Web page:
Hill committee

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The Hill committees are the common name for the political party committees that work to elect members of their own party to United States Congress ("Hill" refers to Capitol Hill, where the seat of Congress, the Capitol, is located). The four major committees are part of the Democratic and Republican parties and each work to help members of their party get elected to each chamber (the House of Representatives and the Senate).

In the United States, a political party committee is an organization, officially affiliated with a political party and registered with the Federal Elections Commission (FEC), which raises and spends money for political campaigning. Political party committees are distinct from political action committees, which are formally independent of political parties and subject to different rules.

Political parties in the United States

Political parties in the United States are mostly dominated by a two-party system consisting of the Democratic Party and the Republican Party. The United States Constitution has always been silent on the issue of political parties, since at the time it was signed in 1787 there were no parties in the nation.

United States Congress Legislature of the United States

The United States Congress is the bicameral legislature of the Federal Government of the United States. The legislature consists of two chambers: the House of Representatives and the Senate.

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The committees

The four major committees are the:

Democratic Congressional Campaign Committee

The Democratic Congressional Campaign Committee is the Democratic Hill committee for the United States House of Representatives, working to elect Democrats to that body and discourage primary challengers. The DCCC recruits candidates, raises funds, and organizes races in districts that are expected to yield politically notable or close elections. The structure of the committee consists, essentially, of the Chairperson, their staff, and other Democratic members of Congress that serve in roles supporting the functions of the committee.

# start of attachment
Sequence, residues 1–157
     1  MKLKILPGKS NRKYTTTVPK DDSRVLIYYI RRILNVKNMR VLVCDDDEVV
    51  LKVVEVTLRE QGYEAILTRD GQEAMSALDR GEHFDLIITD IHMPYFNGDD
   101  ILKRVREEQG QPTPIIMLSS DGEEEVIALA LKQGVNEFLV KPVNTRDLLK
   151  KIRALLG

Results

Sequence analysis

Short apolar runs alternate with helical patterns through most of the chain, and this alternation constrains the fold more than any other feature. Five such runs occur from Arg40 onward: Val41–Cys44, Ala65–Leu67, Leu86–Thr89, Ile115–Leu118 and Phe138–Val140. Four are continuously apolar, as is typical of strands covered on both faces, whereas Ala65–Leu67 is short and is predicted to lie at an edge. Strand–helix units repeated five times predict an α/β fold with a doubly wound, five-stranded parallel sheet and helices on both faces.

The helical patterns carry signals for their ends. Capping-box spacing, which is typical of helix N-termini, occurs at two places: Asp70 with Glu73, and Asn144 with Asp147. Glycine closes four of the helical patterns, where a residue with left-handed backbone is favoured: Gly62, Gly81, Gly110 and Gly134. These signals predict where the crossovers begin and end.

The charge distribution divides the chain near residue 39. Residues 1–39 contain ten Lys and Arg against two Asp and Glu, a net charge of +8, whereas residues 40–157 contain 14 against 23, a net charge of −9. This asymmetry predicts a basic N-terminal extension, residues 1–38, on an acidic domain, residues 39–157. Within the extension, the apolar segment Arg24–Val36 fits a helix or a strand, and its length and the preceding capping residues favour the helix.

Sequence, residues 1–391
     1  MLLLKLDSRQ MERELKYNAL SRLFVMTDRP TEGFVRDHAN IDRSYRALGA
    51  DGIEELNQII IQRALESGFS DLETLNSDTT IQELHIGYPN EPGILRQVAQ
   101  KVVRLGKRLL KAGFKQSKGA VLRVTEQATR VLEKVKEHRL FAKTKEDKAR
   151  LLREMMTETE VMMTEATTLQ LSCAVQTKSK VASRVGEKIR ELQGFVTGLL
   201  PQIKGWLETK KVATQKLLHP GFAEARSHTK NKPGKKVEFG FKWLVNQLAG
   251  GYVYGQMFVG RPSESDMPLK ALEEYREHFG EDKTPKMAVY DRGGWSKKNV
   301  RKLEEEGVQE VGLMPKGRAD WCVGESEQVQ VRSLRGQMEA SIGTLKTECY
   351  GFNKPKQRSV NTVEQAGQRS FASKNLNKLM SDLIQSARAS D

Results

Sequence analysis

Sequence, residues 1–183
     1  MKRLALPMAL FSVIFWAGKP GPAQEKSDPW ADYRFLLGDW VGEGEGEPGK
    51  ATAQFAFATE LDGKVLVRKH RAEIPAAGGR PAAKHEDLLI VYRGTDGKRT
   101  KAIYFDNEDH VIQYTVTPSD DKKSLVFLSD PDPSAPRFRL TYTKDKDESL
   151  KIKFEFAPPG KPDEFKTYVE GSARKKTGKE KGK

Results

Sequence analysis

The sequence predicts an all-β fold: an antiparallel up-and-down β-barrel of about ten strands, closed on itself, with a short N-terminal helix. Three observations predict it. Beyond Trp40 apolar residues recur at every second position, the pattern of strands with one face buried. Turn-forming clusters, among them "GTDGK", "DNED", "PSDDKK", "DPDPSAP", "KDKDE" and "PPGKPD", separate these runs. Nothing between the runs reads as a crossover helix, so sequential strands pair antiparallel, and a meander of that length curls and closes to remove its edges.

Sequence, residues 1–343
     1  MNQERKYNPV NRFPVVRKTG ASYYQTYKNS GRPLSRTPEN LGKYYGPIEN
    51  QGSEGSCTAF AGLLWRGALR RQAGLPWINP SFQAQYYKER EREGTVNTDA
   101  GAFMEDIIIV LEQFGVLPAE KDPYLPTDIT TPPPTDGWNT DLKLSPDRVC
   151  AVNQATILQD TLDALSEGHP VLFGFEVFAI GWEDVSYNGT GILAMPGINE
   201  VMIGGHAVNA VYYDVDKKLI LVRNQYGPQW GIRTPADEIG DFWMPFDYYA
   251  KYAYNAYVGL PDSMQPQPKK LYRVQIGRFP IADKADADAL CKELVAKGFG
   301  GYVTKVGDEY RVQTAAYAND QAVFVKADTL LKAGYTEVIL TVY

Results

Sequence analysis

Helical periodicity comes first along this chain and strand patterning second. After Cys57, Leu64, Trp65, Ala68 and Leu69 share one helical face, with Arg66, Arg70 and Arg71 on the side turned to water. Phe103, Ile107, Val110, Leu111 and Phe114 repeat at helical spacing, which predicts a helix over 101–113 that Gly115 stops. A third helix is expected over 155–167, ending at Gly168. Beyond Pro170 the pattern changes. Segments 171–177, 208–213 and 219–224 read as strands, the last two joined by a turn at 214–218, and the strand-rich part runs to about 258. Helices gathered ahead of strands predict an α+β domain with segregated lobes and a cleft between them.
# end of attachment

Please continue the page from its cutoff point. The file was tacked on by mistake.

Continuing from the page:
The National Republican Congressional Committee (NRCC) is the Republican Hill committee which works to elect Republicans to the United States House of Representatives.

The Democratic Senatorial Campaign Committee (DSCC) is the Democratic Hill committee for the United States Senate. It is the only organization solely dedicated to electing Democrats to the United States Senate. The DSCC's current Chair is Senator Catherine Cortez Masto of Nevada, who succeeded Maryland‘s Chris Van Hollen after the 2018 Senate elections. DSCC's current Executive Director is Tom Lopach, who is assisted by Deputy Executive Director Preston Elliott.

Two third parties have Hill committees as well: The Libertarian Congressional Campaign Committee (LCCC) and Libertarian Senatorial Campaign Committee (LSCC) for the Libertarian Party and the Green Senatorial Campaign Committee (GSCC) for the Green Party of the United States.

Third party (United States)